Commentary

August 15, 2014

Changing your communication default settings

2nd Lt. JOSH GOERSS
61st Aircraft Maintenance Unit

In today’s high tech world, it’s easy to become entrenched in the communication tools that are designed to make our lives simpler and more organized. Ironically, the technology that was created to increase our efficiency has a tendency to detract from our communication within an organization. When we unconsciously set our default communication settings to rely mostly on email for communication, we opt out of the tremendous benefits of face-to-face interaction.

Just think of the time it takes you to write an email, to include all of the time you spent thinking of what you were going to say or ask, and proofreading before you send it out. In many cases it could actually be quicker to walk down the hall to discuss whatever issues you have and be able to tackle a problem or concern much quicker. Yes, there are times where the person you wanted to talk to is unavailable and email is the only way you can pass on the information or pose your question or concern. The point here is that face-to-face interaction has the potential to build rapport, get instant feedback on your message through verbal and nonverbal actions, and help ensure clarity.

Also, when it comes to face-to-face interactions, be sure to give that person your full attention if you happen to be at your desk or workstation. When you don’t give someone your full attention, you are sending a message that you are not 100 percent focused on the conversation and by default, it is not important to you. You may have all the good intentions in the world, but this will likely cause you to lose rapport and negatively impact future conversations.

Besides making sure critical information is passed on, the major long-term goal is to develop interpersonal relationships, which will hopefully lead to increasing the critical element of trust. Give it a shot! Make a valiant effort to increase your own personal interaction. When you do, consider the following points:

  • Concentrate on creating more dialogue
  • Use email sparingly – Communicate via walking down the hall, or if the distance is too great, use the telephone. It’s still much better than an impersonal, one-sided communication tool
  • You won’t miss out on nonverbal cues
  • Chances are pretty good that you may get more information from a face-to-face discussion
  • Clarity of the message is the key to success. Ask for feedback to make sure the message is understood, otherwise known as “read-back”
  • Remember, listening builds trust (listening not just hearing)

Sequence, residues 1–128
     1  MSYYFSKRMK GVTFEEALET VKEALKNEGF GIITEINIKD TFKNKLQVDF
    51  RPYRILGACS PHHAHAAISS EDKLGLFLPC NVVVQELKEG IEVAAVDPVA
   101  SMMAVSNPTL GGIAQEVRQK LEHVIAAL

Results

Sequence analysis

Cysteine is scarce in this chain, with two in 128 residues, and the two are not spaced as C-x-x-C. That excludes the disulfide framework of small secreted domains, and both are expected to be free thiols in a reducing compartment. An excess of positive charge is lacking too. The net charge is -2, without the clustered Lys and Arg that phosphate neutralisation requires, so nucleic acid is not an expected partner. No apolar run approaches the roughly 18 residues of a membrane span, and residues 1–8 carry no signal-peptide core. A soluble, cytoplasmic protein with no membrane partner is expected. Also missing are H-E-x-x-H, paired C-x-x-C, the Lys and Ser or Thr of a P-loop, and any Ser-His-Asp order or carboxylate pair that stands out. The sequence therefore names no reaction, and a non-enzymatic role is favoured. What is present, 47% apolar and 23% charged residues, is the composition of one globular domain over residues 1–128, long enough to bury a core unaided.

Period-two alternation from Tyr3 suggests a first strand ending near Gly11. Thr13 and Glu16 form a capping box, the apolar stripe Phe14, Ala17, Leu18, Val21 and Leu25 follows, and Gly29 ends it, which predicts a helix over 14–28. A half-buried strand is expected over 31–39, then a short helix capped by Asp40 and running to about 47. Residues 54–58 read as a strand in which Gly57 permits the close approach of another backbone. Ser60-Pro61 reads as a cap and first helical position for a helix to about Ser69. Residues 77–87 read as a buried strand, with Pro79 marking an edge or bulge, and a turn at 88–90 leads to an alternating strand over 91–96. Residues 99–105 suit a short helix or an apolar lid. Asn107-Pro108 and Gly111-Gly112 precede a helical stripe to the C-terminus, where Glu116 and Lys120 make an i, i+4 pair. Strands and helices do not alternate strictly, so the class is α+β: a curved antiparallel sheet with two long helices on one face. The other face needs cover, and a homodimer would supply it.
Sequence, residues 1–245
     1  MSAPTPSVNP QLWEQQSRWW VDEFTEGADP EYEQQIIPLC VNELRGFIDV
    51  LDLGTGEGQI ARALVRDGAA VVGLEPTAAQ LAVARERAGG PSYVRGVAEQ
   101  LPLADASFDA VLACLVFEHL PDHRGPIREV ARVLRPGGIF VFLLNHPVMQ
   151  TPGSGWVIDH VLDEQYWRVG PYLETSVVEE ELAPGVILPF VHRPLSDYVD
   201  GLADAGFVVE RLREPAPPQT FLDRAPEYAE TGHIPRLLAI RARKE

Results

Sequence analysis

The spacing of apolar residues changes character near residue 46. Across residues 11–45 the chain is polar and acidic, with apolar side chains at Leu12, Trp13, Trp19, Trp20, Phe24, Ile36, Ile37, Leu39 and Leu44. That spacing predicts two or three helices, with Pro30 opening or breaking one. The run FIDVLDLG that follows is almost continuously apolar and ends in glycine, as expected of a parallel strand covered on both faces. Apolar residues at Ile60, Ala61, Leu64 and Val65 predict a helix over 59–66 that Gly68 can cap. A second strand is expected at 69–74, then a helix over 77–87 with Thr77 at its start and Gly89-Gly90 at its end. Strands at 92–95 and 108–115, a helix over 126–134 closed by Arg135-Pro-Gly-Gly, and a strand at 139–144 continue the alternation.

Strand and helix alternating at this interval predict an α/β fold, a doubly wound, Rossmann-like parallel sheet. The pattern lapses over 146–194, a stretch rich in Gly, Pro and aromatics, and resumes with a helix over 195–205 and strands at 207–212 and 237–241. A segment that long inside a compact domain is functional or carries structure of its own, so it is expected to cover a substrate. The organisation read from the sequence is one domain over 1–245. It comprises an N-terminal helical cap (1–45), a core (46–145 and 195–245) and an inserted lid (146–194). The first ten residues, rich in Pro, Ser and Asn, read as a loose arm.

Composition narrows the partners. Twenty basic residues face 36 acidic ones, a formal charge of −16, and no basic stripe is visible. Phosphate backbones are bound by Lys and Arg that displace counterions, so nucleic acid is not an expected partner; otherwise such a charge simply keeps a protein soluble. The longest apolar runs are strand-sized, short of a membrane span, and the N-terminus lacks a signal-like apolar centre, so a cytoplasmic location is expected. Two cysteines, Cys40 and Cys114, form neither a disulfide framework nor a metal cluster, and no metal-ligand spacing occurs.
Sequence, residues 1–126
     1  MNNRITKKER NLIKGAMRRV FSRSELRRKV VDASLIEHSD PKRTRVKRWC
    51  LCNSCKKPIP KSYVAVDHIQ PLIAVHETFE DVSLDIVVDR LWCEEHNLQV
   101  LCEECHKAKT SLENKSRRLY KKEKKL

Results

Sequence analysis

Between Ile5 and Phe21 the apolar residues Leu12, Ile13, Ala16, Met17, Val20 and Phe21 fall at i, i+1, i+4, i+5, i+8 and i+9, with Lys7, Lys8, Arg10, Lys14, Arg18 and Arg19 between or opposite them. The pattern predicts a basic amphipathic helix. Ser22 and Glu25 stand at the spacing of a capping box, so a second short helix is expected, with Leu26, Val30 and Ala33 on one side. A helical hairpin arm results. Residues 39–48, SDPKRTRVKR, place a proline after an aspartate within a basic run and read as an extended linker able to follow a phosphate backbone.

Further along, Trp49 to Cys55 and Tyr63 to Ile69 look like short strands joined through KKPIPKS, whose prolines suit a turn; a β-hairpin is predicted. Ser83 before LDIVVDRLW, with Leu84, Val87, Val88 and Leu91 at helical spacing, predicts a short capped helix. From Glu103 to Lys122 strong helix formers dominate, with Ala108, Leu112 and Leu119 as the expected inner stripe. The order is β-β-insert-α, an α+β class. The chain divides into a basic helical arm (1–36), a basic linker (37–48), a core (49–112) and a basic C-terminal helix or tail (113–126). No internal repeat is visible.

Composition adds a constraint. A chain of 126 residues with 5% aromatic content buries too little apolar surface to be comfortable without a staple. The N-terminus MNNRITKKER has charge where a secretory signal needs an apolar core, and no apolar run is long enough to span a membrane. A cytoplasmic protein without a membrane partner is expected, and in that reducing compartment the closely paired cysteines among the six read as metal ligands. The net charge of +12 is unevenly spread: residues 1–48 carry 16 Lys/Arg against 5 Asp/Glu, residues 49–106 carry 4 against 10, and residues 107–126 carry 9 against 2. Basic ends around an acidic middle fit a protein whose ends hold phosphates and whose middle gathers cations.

• Communication is the glue that holds an organization together and by increasing your ability to promote communication, you will inevitably make things easier for everyone.



All of this week's top headlines to your email every Friday.


 
 

 

Fly, fight & win! Luke plays unique role in AF mission

The mission of the Air Force is to fly, fight and win. The Air Force’s “motto,” as it was originally called, was adopted October 2010. Capt. Gregroy Bollrud of Hurlburt Field Florida, wrote, “It succinctly captures what our Air Force has been renowned for ever since its creation in 1947. Also, the specific choice of...
 
 

Wingman for life

“I look after my wingman. He looks after me. We work together. We fight together.” — Col. Gabby Gabriski, WWII ace Having a wingman has been an essential part of combat flying since the beginning. A wingman is able to watch your “6,” provide support and can offer a different perspective on a situation. These...
 

 
141119-F-HT977-165

Chiefs announced

Senior master sergeants selected for promotion to chief master sergeant at Luke Air Force Base posed in front of the static F-16 Fighting Falcon in front of the wing headquarters building. They are, from left, Kelbey Norton, 56...
 
 

Enlisted promotion system changes continue

WASHINGTON — This January, changes to the Weighted Airman Promotion System will continue with adjustments to the scoring model for promotions to technical sergeant and below, all designed to help ensure job performance is the most important factor when evaluating and identifying Airmen for promotion. The current WAPS enlisted performance report calculation model for technical...
 
 

News Briefs November 21, 2014

Kachina Gate closure The Kachina Gate will be closed to inbound traffic Dec. 8 through 19 for gas valve repair. Outbound traffic will not be affected. For more information, call 623-856-7051. Kids cooking class Kids Kamp Cooking Class is 4 to 6 p.m. for ages 8 to 12 and 7 to 9 p.m. for ages...
 




0 Comments


Be the first to comment!


Leave a Reply

Your email address will not be published. Required fields are marked *

You may use these HTML tags and attributes: <a href="" title=""> <abbr title=""> <acronym title=""> <b> <blockquote cite=""> <cite> <code> <del datetime=""> <em> <i> <q cite=""> <strike> <strong>


Directory powered by Business Directory Plugin